| Unit 7: World
Frameworks for America's Past
on the links below -
Causes of World War I
2. The sinking of the Lusitania
3. The weapons of World War I
4. America enters the war in 1917
5. The Treaty of Versailles
||Saving sugar and wheat
(recipes for tasty foods made without sugar and
||From primary sources: World War I posters|
Students: Check with your
parents for permission before visiting Internet links.
|WW I begins in 1914 and the
sinking of the
Lusitania (1915) - segment from The Century: America's Time -
Shell Shock (1 of 3). Watch from 0:43 to 13:43.
Trench warfare and deadly new weapons - segment from The Century: America's Time - Shell Shock (2 of 3). Watch from 1:20 to 5:25. This clip includes graphic scenes of war along the front lines in northern France as the British and French soldiers tried to stop the invasion of the German army.
America enters the war in 1917; the victory in 1918 - segment from The Century: America's Time - Shell Shock (3 of 3). Watch from 0:00 to 8:00.
Aftermath of the war; the Versailles Treaty - segment from The Century: America's Time - Shell Shock (3 of 3). Watch from 8:54 to 13:14.
Christmas truce in the trenches 1914 (This TV ad was produced by a British company for Christmas 2014. It was inspired by a true event that happened early in WWI. Click on the links at the end of the video to learn more about it.)
Submarines (U-boats) in WWI (a short video)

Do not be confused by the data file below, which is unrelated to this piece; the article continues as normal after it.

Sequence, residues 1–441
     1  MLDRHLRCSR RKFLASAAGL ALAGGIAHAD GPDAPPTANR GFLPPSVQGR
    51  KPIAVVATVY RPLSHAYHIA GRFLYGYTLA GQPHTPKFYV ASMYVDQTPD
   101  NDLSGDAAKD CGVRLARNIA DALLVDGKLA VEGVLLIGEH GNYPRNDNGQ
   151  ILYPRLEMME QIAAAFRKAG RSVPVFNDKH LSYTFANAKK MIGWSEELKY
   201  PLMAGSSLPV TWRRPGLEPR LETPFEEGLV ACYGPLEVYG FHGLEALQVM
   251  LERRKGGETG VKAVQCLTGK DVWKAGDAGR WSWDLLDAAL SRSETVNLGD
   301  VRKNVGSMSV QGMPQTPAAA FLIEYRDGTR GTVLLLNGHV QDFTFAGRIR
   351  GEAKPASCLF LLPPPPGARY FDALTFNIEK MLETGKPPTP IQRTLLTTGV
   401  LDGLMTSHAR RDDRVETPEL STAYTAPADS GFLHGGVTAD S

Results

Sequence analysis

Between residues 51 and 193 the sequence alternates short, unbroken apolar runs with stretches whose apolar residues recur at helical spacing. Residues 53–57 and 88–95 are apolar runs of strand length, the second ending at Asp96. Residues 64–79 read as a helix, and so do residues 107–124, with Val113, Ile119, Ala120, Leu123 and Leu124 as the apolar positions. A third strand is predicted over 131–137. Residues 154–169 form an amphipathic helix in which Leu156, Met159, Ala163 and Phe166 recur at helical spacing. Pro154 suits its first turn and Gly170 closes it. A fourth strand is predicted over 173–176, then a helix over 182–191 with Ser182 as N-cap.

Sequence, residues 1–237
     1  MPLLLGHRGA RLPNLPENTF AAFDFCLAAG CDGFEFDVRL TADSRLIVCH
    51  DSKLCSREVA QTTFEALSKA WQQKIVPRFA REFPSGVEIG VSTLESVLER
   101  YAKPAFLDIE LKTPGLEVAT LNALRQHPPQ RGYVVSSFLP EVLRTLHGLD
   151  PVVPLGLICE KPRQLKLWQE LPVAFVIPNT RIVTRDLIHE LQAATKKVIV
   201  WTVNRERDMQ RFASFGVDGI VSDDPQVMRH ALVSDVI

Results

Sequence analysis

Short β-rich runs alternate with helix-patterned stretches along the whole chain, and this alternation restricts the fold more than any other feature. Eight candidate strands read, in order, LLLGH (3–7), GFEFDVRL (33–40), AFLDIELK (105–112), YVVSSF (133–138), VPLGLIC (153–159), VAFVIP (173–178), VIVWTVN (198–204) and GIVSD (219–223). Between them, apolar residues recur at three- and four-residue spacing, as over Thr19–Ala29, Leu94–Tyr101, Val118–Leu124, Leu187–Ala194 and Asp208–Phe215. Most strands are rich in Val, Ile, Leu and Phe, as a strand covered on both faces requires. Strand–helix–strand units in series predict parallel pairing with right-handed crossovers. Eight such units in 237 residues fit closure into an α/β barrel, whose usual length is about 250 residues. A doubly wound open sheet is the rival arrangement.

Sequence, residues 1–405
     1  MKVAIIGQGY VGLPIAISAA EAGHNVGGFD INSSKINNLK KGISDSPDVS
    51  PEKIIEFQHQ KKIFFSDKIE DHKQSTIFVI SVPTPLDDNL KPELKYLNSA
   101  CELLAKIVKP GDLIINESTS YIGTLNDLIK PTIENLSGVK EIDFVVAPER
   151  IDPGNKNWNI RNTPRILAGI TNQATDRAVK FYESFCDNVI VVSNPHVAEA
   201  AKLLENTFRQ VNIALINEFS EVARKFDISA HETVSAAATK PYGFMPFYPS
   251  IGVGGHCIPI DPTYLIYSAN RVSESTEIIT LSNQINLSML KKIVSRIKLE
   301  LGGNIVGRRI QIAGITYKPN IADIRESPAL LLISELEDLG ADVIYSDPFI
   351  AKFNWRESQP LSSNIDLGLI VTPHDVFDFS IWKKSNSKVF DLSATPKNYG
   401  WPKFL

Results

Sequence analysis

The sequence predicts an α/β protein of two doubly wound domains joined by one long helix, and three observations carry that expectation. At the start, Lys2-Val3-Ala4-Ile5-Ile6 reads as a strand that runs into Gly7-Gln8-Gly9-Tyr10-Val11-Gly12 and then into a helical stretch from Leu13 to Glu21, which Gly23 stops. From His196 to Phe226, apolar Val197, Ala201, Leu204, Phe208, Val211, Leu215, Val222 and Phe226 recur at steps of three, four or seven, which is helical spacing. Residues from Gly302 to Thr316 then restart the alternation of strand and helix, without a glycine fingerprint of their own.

The American home front in WWI (a short video with scenes of Americans and the war effort on the home front)
Going for the Gold (She is German, he's a Frenchman. Look what is possible when the guns of war are silent. This is the incredible 2017 routine they took to the Winter Olympics in 2018 to win the gold medal!)
Music: Over There (a video of the famous WWI song by George M. Cohan that declares to the world that "The Yanks are coming, and we won't be back 'till it's over over there")
|Mainly for teachers|| The
World Wars, a miniseries
and DVD set produced by the History Channel, has lots of video segments
good for this unit. Find the Bonus Features section on the second
disc, and click on "Featurettes" for dramatic clips on topics such as
the weapons of WWI, life for
soldiers in the trenches, and more. The first featurette, in
which historians choose one word that best describes the war, is a
great hook for engaging students as you start the unit. The first
episode of the series, on the
first disc, is titled "Trial by Fire," It dramatizes the people
and events of
WWI. It's too long to just load and play, so break it up and show
the segments that will help hold students' interest throughout the unit.
The Zimmerman Telegram by Barbara Tuchman tells the fascinating true story of that top secret message, and it rivals any James Bond spy novel for thrills, intrigue, and suspense! Try the recorded books version if you have a long commute.
Copyright 2009, 2018 by David Burns. All rights reserved. As a guide to the Virginia Standards of Learning, some pages necessarily include phrases or sentences from that document, which is available online from the Virginia Department of Education. The author's copyright extends to the original text and graphics, unique design and layout, and related material.